Euro-Area Companies Return to Growth With Price Pressures Rising

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Private-sector activity in the euro area unexpectedly grew for the first time in six months in March, fueled by a record increase in factory output that masks fresh concerns across the economy about surging infections and new lockdowns.

The upturn is also fueling price pressures in the broader economy as companies seek to pass on a spike in costs caused by shortages and shipment delays that has been hitting them all year. Input costs rose at the fastest pace in a decade and selling prices for goods and services increased the most in more than two years, according to an IHS Markit survey.

That trend “will likely feed through to higher consumer price inflation in coming months,” said Chris Williamson, an IHS Markit economist.

Euro-Area Companies Return to Growth With Price Pressures Rising

Bunds pared gains after the stronger-than-expected German and euro-area numbers. Ten-year yields fell 2 basis points to -0.36%, after sliding as much as 3 basis points earlier.

What Bloomberg Economics Says...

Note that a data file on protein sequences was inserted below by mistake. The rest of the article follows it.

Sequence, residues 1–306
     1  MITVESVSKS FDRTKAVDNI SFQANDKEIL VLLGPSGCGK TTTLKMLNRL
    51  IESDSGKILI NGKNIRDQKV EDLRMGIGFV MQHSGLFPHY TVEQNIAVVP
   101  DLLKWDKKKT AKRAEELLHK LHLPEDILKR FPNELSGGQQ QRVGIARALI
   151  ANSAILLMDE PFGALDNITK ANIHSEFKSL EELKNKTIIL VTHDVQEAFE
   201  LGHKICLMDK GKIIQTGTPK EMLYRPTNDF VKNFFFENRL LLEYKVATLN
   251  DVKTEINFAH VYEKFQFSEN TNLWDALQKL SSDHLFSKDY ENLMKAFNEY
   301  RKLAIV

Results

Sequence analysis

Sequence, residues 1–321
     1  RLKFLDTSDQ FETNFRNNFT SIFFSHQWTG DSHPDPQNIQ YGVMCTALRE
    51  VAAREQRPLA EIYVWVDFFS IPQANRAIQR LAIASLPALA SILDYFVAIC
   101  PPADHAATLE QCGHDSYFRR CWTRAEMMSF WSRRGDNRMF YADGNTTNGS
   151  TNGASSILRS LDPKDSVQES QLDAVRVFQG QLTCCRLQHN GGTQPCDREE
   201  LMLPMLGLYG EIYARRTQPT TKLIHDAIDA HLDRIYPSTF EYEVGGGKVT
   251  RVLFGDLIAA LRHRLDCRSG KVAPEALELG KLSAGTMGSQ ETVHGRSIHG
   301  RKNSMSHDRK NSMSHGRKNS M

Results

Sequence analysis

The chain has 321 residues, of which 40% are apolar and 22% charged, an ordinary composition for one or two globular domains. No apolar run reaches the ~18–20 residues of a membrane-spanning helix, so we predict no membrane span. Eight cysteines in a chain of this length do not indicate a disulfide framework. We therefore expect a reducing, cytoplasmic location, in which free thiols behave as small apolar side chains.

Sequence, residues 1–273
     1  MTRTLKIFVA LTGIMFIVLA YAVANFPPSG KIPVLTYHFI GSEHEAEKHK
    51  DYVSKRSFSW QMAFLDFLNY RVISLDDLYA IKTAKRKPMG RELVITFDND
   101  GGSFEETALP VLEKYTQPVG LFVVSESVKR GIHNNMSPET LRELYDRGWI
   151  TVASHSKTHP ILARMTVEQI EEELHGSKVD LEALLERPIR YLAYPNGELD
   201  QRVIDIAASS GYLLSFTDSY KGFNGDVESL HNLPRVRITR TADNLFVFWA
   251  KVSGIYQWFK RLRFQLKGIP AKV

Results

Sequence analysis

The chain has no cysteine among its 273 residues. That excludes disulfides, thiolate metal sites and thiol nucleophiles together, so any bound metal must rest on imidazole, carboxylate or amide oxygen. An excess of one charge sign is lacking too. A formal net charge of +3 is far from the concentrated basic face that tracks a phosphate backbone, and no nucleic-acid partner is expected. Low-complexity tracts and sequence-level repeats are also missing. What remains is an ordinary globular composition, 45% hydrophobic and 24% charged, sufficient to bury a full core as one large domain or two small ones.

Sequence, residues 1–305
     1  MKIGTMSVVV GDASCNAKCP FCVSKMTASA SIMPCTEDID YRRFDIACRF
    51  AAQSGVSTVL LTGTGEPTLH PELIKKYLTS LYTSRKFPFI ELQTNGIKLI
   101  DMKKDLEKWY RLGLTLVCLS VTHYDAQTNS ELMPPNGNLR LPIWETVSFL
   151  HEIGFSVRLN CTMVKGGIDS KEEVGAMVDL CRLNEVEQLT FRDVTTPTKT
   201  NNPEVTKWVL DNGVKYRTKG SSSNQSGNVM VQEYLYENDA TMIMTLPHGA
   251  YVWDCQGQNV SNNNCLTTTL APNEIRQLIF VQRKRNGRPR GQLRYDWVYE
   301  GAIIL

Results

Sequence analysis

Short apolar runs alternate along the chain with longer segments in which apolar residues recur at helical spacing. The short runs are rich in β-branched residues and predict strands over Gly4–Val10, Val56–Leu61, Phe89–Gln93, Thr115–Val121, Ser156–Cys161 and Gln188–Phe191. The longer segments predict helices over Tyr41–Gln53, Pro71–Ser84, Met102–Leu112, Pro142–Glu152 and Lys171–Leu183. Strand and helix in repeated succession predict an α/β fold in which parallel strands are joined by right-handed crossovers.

“The longer government restrictions remain in place to slow the spread of Covid-19, the more domestic businesses and consumers are adapting their spending habits.”

-David Powell. To read his report, click here.

Firms stepped up hiring capacity to cope with strengthening demand, the survey of purchasing mangers showed. New orders rose at the fastest pace since July, with those from outside the region growing by the most in more than three years.

MarchFebruary
Manufacturing PMI62.4 (est. 57.6)57.9
Services PMI48.8 (est. 46.0)45.7
Composite PMI52.5 (est. 49.1)48.8

Still, the immediate outlook has deteriorated after spiraling coronavirus cases raised the specter of fresh restrictions. The German government extended curbs this week through mid-April and postponed plans to reopen Europe’s largest economy. In France, several regions including Paris have been under a new lockdown since Saturday, and most of Italy has also been plunged into fresh shutdowns.

Euro-area services activity -- which particularly affected by social distancing rules and closures -- shrank for a seventh month.

“This two-speed nature of the economy will therefore likely persist for some time to come, as manufacturers benefit from a recovery in global demand but consumer-facing services companies remain constrained,” Williamson said. “The service sector remains the economy’s weak spot.”

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